Bangs, fringe, breakage — whatever you call it, it'll fit in some butterfly clips.
It is a truth universally acknowledged that I love Halloween. Using my skills to turn myself into different people is an escapist fantasy, sure. But it also encourages me to take a hard look at the decisions I make with my normal beauty routine. Even when we’re not in costume, we’re still making choices about how we want the world to see us. As RuPaul says, you’re born naked and the rest is drag.
Over the last few weeks, I’ve been asking myself “What’s my regular Alle drag saying to the world?” One of the main things it says is “Alle has sharp bangs.”
I’ve had bangs for so long that I don’t even think about them anymore; they’re a fixture of my face, like my eye color or the shape of my lips.
I love having a fringe. My blunt bangs provide a great frame for my face and they make me feel confident. Or I thought they did. As I’ve been experimenting with different hairstyles for Halloween, I’ve been realizing that what they actually make me feel is SAFE. When I push my bangs off my face or style them to the side, I feel exposed--like I’ve accidentally gone outside without my pants on. Recently I’ve been forced to admit that, as much as I like them, my bangs have become a beauty security blanket. And for a while, I wasn’t sure where that was coming from.
I like myself. I like how I look. What am I hiding with a blunt fringe? The answer was right there: my high forehead.
What’s wrong with my high forehead? I asked myself. And the answer was right there again: childhood trauma.
I didn’t have a great time growing up. I was bullied for everything, particularly the way that I looked. The day that a certain group of kids learned the word “fivehead” sent me running home from school in tears. Even though it’s been over 20 years, I still haven’t forgotten the sting in “You could watch movies on that ugly forehead!” and other poetic insults.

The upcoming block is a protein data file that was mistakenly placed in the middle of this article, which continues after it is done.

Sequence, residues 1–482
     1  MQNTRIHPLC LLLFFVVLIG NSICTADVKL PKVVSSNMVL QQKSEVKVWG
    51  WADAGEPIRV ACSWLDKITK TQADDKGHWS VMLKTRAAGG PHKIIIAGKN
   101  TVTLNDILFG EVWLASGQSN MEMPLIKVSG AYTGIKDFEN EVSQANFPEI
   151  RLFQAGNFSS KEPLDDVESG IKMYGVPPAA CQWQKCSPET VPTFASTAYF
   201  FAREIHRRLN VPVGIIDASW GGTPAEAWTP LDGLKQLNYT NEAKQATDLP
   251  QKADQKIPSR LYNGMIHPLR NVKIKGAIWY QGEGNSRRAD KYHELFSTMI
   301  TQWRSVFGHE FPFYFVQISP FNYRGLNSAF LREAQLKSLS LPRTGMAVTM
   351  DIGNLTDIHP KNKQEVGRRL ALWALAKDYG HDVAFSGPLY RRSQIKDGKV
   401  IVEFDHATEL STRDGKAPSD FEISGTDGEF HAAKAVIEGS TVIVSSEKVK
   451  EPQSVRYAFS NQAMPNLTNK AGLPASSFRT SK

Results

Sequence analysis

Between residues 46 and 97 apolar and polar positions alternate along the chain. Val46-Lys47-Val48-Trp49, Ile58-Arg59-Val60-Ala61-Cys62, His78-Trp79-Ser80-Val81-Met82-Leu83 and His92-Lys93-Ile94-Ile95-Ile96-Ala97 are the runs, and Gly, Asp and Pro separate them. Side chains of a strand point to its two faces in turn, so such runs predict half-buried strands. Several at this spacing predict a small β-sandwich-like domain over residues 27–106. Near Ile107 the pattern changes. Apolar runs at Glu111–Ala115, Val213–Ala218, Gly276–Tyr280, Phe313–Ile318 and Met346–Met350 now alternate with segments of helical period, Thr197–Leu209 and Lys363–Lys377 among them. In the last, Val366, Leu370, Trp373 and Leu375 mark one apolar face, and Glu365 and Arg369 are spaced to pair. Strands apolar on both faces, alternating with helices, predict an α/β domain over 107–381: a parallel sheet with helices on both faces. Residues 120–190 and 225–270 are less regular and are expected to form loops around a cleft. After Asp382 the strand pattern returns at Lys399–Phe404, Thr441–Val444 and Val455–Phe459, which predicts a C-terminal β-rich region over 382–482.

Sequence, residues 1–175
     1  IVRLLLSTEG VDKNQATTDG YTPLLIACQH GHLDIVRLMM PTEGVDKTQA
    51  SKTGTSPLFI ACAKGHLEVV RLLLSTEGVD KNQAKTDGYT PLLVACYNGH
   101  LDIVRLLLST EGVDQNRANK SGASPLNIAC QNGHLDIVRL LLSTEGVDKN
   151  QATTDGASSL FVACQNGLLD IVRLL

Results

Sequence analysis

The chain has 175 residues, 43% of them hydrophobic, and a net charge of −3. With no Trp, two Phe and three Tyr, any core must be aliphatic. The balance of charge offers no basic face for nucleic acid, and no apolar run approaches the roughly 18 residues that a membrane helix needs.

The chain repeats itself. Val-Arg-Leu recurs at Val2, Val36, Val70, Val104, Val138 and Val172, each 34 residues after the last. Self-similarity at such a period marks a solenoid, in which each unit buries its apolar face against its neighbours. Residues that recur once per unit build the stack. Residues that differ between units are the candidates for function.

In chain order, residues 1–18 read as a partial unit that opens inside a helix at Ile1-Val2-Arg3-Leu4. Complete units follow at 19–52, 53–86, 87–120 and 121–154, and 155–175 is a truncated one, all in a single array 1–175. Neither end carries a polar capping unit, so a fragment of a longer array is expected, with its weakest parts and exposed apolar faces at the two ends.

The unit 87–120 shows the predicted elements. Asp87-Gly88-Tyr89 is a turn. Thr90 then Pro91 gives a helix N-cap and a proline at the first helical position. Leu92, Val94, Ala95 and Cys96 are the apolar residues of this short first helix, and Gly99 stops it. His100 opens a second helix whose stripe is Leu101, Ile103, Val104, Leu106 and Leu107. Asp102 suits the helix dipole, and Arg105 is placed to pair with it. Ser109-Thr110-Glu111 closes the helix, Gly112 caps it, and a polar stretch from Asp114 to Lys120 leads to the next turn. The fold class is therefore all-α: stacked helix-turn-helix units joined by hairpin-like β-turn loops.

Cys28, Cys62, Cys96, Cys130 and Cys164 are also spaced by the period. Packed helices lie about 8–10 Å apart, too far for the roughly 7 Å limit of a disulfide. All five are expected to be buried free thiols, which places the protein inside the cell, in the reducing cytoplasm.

So bangs it was. I liked the way they looked on me from the start, but most importantly, they covered up something I’d started to hate about myself. I was still picked on, but hey, nobody was calling me an alien anymore! Progress!
Since then, I’ve had bangs almost constantly. I’ve grown them out a few times, but whenever I do, I feel like my face is WRONG. I wish I could say that this is a classic Brain Problem and I just need to get used to it, but it’s more than that: I don’t like people being able to see my forehead. I'm insecure about it. Whenever I do a look featuring my hair pushed back or upswept, I worry that I’ve opened the door to new and inventive forehead-based insults.
Even though I genuinely love my bangs, this hairstyle has ceased to be an aesthetic choice for me--it’s become a beauty crutch, an irrational talisman that I feel like I need to survive. And I’m not OK with that. If any of you told me that you felt like you couldn’t have the hairstyle you wanted because you "need" to hide your forehead, I would give you the Coach Taylor-est motivational pep talk of your life.
It’s time for a change. I’m growing out my bangs. That feels so scary and exciting to even write, because as I hope you’ve picked up on, this isn’t just a hairstyle change for me.
The way we look is absolutely bound up in the way that we feel about ourselves, and if my tale of conflicted fringe-feelings shows you anything, it’s that this relationship is never simple. We all have insecurities, and that is ok. The point is that we make the effort to grow and fight against them.
So here’s me, breaking my dependence on my biggest beauty security blanket. I have no idea how this is going to go, and the not-knowing is almost as scary as the idea of not having bangs anymore. What if I hate it? What if it drives me totally crazy while it's growing out?
And if worst comes to worst and I don’t like how no-bangs looks, I can always cut them back in again. One way or another, it’ll be a choice that I’VE made, because I’m not letting childhood insecurities dictate my beauty choices anymore.
- So tell me: Do you have any beauty security blankets?
- Do they help or hinder your insecurities?
- Anyone have any growing-out-bangs tips to make this process less crazy-making? HELP!